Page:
Investors aren’t as smart as they think they are, and Dr. Ed Weinstein says that could be bad for your business.
The good news is nearly one-in-four investors claim to understand the term “reciprocity fees,” and almost half say they carefully consider the “standardized cost-return index” before investing in a mutual fund.
“The bad news is that neither of these things actually exist,” says Dr. Ed Weinstein, President of The Brondesbury Group. The seasoned researcher and his colleagues quizzed investors on these fictional terms in part to highlight how confusing industry jargon can be.
“But the real indication of this research is that investors don’t know as much as they think they know, and a lot of what they know is really very superficial,” he says. “People understand the words in a complex term one at a time—they know the word ‘reciprocity’ and the word ‘fee’—so they fool themselves into thinking they understand the whole. So much for the maxim that you should invest only in things you understand.”
But surely investment understanding is greater among wealthier and more sophisticated investors?
“Not necessarily,” cautions Weinstein. “Accredited investors can be the trickiest to deal with, because even though they generally have more knowledge, they are also more prone to overstate what they know. It’s harder to sort out what’s bluster and what’s real, because when an investor has more education and a bigger portfolio, they want to appear in control. The most over-confident investors are well-educated men aged 35 to 45 with high incomes.”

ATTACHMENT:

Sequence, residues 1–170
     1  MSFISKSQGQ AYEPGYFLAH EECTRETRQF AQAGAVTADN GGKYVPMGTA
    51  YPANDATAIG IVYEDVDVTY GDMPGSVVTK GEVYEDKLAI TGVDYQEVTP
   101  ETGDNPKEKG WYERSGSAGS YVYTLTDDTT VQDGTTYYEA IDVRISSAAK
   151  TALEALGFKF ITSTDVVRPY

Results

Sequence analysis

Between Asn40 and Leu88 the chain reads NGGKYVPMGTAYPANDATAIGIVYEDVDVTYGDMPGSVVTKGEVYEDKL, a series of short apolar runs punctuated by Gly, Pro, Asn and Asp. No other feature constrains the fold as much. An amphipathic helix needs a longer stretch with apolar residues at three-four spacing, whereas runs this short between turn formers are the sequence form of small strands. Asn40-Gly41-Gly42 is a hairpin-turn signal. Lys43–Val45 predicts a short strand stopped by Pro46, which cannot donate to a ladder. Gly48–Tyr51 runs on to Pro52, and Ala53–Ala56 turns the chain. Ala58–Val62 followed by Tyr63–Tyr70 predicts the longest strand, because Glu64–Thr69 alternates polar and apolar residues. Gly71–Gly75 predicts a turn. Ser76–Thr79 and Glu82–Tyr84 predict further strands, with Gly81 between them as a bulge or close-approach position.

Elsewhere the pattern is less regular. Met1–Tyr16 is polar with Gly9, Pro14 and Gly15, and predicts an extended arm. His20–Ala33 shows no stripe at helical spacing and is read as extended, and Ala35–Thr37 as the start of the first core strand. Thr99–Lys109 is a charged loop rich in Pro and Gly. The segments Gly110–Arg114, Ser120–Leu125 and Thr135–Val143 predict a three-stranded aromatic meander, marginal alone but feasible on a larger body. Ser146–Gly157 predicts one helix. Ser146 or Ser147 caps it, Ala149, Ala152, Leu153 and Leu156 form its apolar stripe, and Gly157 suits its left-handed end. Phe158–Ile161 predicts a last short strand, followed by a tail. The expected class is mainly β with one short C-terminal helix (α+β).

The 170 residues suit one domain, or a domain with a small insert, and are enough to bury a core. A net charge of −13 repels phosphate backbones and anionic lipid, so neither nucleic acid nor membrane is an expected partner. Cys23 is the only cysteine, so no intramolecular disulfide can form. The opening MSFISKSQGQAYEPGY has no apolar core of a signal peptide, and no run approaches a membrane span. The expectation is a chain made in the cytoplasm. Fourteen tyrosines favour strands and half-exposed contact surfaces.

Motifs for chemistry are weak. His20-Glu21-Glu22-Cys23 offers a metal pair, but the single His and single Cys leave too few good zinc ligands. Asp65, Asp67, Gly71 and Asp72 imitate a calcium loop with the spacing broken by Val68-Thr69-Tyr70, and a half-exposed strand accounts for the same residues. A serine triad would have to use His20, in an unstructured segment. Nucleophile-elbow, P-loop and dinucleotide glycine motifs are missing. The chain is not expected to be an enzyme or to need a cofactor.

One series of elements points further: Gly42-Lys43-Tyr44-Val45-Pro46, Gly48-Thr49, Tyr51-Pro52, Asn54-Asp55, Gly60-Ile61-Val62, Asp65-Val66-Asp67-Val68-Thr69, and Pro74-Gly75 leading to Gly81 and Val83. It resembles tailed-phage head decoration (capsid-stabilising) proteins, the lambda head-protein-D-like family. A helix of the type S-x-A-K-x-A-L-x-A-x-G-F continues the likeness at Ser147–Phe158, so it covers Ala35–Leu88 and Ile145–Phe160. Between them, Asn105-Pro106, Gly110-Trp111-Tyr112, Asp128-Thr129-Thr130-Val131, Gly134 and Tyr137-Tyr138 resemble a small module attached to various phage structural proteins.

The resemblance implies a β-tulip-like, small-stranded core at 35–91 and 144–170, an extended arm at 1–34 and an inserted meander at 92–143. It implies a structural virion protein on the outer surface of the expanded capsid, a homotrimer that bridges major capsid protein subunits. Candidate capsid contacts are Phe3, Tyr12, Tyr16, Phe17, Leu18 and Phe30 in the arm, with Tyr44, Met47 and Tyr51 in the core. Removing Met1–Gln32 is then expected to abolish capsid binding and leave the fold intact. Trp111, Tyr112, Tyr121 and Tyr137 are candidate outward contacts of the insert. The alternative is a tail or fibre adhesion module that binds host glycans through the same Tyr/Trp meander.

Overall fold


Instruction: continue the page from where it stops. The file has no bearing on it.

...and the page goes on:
Assets at risk
Why should this dubious understanding matter to investment firms? Weinstein points to more than 30 years of research supporting the idea that a banking client is dramatically more loyal when they own three or more banking products.
He believes investment firms will have a hard time replicating this share-of-wallet and loyalty unless their clients truly understand how their money is invested.
“As people have more investments, they have more interest in understanding what they own. So if you want to sell a client a new product, there is a need to help them understand it. For example, if I’m in a money market fund now, what can you interest me in next? It depends on what you can explain to me and get me to accept.”
Weinstein says the onus is clearly on the seller to help investors accept new ideas, but it takes a graduated approach.
“Most investors don’t want to have to understand words like beta and duration. That’s why you need to convey information in plain language first, and provide the additional technical detail as an option for those who actually want it.”
The financial industry tends to make information overly complex—especially when the audience is high net worth or institutional. While detail is appropriate in many situations, keeping things short and easy-to-digest aids in understanding and increases sales opportunities almost every time.
The most over-confident investors are well-educated men aged 35 to 45 with high incomes.